• Design and specification of building integrated DC electricity networks

      Stewart, M.; Counsell, John M.; Al-Khaykan, A.; University of Chester (IEEE, 2017-01-19)
      Adoption of millions of small energy efficient, low power digital and DC appliances at home and at work is resulting in a significant and fast growing fraction of a building's electricity actually consumed in low voltage DC form. Building integrated energy systems featuring renewable photovoltaics are also increasingly attractive as part of an overall electricity and emissions reduction strategy. This paper details design and specification of a novel system level method of matching building integrated photovoltaic electricity generation with local low voltage DC appliances in office and other ICT intensive environments such as schools. The chosen scenario considers load components consisting of a diverse range of modern low power ICT and DC appliances, networked and powered by industry certified smart DC distribution technologies. Energy supply to the converged DC, IT and ICT network is described as featuring a roof-mounted or other on-site photovoltaic array in combination with conventional supply from the local grid infrastructure. The direct and strategic benefits of smart DC infrastructures are highlighted as the enabling technology for optimal demand reduction through fully integrated energy management of DC systems in buildings.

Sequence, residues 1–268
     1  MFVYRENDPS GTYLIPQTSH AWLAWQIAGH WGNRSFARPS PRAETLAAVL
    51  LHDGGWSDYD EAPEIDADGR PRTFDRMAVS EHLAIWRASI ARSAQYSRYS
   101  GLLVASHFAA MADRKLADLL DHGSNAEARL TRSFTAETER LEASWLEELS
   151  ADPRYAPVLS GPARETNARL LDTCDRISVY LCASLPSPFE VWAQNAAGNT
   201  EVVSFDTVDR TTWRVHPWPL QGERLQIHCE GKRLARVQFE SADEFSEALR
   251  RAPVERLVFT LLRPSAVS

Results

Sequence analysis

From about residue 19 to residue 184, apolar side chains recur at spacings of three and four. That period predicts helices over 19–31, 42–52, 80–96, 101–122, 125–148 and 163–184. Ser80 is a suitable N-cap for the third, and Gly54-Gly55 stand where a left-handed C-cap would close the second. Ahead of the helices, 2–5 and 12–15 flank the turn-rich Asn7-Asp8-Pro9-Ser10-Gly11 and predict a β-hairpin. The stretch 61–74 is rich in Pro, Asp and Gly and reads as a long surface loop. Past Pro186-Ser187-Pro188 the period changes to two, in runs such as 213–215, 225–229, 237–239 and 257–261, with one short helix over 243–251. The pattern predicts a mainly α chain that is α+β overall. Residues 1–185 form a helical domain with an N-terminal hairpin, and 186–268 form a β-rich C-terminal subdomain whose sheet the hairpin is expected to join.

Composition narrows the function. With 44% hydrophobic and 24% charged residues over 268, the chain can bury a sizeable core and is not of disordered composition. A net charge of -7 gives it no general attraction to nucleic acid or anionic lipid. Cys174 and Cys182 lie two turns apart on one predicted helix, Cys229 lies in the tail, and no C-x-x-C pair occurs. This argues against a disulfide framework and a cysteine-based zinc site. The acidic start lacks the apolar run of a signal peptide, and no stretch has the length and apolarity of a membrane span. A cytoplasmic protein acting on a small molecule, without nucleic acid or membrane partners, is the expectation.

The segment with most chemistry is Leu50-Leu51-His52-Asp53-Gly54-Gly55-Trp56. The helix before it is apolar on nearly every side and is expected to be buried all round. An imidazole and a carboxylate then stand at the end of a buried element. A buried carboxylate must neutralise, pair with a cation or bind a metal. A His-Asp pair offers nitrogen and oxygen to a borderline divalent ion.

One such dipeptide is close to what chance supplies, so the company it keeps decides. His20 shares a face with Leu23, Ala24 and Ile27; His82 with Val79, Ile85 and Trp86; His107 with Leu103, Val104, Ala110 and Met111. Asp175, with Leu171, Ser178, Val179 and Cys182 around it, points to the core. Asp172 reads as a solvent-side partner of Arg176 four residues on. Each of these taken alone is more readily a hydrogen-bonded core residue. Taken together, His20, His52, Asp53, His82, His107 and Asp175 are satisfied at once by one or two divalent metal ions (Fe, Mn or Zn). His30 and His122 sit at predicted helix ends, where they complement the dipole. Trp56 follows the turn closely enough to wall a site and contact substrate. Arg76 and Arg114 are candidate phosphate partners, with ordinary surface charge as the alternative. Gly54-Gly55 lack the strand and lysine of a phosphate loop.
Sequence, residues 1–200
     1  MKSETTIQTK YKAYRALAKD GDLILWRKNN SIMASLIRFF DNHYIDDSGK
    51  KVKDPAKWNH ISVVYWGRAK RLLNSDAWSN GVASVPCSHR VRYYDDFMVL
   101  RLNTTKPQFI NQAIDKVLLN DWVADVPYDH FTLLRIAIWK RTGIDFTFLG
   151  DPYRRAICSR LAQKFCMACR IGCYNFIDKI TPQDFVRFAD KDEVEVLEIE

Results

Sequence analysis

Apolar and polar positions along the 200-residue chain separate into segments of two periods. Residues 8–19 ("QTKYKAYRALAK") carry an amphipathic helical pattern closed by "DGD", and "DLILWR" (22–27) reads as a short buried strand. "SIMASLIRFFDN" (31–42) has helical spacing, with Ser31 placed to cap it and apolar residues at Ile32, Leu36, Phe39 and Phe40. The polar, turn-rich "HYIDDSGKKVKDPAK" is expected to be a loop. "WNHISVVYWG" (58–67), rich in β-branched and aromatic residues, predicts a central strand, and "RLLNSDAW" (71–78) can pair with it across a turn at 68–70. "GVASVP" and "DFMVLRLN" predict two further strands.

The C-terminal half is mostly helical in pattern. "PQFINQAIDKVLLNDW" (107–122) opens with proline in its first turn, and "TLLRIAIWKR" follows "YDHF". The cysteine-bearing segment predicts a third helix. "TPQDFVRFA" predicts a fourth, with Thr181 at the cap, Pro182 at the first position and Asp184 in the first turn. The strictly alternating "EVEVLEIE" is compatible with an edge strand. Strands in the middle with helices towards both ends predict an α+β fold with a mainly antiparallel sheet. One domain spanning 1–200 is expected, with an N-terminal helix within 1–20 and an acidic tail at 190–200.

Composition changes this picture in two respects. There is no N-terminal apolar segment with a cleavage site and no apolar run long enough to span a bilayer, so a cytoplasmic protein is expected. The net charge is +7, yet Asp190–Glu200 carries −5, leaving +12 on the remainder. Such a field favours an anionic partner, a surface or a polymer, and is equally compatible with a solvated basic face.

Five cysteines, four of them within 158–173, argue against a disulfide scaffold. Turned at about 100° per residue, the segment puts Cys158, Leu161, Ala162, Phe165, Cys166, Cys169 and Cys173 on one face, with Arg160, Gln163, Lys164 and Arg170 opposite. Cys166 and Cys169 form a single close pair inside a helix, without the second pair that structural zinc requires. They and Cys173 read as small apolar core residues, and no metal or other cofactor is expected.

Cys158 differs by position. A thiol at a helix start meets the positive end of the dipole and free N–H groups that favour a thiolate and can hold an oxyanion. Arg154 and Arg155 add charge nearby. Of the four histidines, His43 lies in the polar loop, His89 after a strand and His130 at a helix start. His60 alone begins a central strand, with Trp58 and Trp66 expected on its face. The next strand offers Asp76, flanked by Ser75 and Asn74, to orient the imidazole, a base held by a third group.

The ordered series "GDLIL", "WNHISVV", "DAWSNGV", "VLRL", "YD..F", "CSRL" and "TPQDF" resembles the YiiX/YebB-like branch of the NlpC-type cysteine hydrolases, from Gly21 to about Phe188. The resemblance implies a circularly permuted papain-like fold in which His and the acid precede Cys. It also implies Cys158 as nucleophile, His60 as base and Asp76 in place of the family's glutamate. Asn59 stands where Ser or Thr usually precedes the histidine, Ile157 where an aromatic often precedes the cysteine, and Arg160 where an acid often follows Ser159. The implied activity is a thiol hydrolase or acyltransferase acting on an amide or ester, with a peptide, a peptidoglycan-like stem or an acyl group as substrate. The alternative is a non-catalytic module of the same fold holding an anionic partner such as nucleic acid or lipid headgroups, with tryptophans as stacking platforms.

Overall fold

• Programmable logic controllers and Direct digital controls in Buildings

      Khalid, Yousaf; University of Chester (2018-09-30)
      The concept of programmable logic controller (PLC) originated over the last century that has revolutionised the industrial sector. In the last few decades PLC in the form of DDC has been commonly used in Building Energy Management Systems (BEMS). The contribution of this work is to analyse PLC/DDC role in the ongoing BEMS advancements in the building sector. Currently DDC are not understood by building design and simulation engineers who assess the controllability of the building in practice. This paper would enhance the understanding of integrating DDC in buildings and influence creation of better modelling and simulation tools for assessing their impact on energy performance in practice.